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Time to face-up to a lack of digital governance

AK and NK

Digital platforms such as Google, Facebook and Amazon have critically changed the way in which companies compete, generate and deliver value to their customers. Entire ecosystems of value-creation and exchange have been repositioned with the opening of new online spaces and channels that are allowing entrepreneurs to create and operate new firms.

An unhealthy market dominance

Such platforms are disruptive, and as well as concerns around privacy, they can present an unhealthy dominance over their respective markets.

A case in point is Amazon’s global impact on consumer shopping habits. As such platforms become more popular, their user value increases disproportionately, until entire markets coalesce around them, preventing market access for new entrants and drawing any remaining independents towards their centre.

PBEs offer entrepreneurs access to large-scale markets

Familiar names including eBay, Etsy, Facebook, Instagram, Yelp and YouTube make it easier to generate income by offering platform-based entrepreneurs (PBEs) access to large-scale markets, along with various incentives to populate their platform ecosystems, simultaneously fulfilling two functions.

PBEs operate businesses using the platform as the intermediary. However, to the platform owner, the PBEs are complementors, whose existence is only important if it adds value to the platform.

With digital technology becoming ever more central to a firm’s competitive advantage, businesses are experiencing an increasing dependence on platform competitiveness.

Sixty of the world’s 100 largest corporations (ranked by market value) currently earn at least half of their revenue from platforms but governments are struggling to adapt to fast-changing technological realities with appropriate governance mechanisms or regulatory frameworks.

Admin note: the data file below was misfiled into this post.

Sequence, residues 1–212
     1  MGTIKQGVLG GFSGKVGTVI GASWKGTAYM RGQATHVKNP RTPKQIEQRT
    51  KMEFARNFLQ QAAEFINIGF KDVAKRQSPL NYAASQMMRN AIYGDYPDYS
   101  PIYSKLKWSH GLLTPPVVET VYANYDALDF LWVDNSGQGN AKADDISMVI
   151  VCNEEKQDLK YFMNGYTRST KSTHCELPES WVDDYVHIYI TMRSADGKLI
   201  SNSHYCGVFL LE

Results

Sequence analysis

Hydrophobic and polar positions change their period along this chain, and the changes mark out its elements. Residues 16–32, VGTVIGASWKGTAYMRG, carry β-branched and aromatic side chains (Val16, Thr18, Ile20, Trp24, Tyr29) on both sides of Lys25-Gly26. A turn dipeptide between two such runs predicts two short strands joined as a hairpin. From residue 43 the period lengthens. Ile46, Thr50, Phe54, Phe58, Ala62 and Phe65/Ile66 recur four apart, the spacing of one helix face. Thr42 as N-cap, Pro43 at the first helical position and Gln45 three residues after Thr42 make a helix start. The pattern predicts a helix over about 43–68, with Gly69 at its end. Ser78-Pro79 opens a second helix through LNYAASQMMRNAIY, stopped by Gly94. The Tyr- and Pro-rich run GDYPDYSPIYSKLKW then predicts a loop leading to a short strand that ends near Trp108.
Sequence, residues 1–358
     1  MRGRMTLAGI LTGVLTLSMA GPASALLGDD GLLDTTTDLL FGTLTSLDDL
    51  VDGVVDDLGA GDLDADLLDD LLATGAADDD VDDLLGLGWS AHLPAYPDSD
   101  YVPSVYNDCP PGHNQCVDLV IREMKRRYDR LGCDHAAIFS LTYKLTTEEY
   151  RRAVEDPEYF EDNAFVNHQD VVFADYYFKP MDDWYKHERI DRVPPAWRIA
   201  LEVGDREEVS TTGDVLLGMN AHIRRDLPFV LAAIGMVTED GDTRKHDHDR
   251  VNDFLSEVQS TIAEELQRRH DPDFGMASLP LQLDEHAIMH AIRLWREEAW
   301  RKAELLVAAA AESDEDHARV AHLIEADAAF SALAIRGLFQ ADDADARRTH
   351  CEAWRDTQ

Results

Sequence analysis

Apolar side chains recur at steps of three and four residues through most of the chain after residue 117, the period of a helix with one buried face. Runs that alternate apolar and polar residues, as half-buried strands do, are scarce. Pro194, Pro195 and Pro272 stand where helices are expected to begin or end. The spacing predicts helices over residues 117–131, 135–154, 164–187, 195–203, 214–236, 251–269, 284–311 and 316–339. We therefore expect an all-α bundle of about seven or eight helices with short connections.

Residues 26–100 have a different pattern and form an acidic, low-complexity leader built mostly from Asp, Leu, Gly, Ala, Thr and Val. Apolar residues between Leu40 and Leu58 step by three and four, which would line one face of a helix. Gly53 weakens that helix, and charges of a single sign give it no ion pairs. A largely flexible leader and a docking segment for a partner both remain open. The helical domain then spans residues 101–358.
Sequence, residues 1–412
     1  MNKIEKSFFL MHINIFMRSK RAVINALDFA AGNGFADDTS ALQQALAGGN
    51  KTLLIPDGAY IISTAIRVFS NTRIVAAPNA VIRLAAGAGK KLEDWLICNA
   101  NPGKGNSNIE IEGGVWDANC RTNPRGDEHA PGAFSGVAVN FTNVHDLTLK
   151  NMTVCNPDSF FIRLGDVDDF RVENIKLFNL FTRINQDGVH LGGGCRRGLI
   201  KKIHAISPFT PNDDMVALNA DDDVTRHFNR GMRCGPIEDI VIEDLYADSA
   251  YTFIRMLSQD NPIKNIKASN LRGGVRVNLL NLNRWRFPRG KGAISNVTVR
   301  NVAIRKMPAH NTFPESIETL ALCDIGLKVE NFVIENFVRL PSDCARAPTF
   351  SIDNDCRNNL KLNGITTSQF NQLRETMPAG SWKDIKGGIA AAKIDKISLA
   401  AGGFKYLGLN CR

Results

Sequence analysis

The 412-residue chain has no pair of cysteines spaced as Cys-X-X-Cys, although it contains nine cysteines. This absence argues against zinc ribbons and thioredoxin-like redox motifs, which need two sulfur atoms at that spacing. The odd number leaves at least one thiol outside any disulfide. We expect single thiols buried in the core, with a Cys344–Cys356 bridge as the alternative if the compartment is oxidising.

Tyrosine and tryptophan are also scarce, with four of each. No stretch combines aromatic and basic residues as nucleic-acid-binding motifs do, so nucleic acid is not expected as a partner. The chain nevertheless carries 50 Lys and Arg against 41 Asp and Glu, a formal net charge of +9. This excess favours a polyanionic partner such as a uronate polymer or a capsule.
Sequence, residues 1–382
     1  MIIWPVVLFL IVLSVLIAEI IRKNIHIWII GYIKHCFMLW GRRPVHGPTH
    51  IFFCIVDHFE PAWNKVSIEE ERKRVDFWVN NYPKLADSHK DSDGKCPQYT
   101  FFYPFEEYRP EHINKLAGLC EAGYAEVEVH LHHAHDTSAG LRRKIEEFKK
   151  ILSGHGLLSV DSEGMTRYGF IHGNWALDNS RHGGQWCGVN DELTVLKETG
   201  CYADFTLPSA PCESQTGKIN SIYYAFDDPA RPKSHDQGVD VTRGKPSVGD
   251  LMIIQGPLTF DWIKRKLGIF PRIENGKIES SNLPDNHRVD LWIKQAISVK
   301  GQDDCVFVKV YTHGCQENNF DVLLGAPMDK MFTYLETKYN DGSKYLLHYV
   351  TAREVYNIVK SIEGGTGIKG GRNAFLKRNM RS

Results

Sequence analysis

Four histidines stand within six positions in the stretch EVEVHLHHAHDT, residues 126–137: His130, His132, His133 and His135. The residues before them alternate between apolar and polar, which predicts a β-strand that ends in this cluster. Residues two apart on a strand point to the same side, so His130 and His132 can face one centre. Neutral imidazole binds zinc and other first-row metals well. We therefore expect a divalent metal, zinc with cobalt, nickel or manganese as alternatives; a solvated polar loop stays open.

This inertia is problematic.

An urgent need for digital platform governance

There is now an urgent need for governance in the digital-platform age to create boundaries for those working in partnership, and solutions to winner-takes-all outcomes.

However, existing corporate governance frameworks are ill-suited to digital-platform businesses. The current experience of so many stakeholders feeling alienated by the way corporations treat them cannot be allowed to continue.

But simply strengthening control mechanisms creates a culture that is inefficient, and institutionalises box-ticking and indirect evasion of legal obligations, resulting in socially destructive behaviour and corporate scandals.

Regulators and legislators need to consider more dynamic and responsive governance frameworks that are fit for the emerging purpose, whilst promoting and guiding entrepreneurial innovation for sustainable and responsible businesses.

Stewardship offers greater relevance in digital markets

The world of fast-evolving ‘business needs’ is best served by responsive, regulatory solutions that draw on active stewardship rather than the deadening hand of compliance.

Regulatory responsibilities will increasingly cross boundaries in the digital world, including local, national and supranational state and non-state authority lines.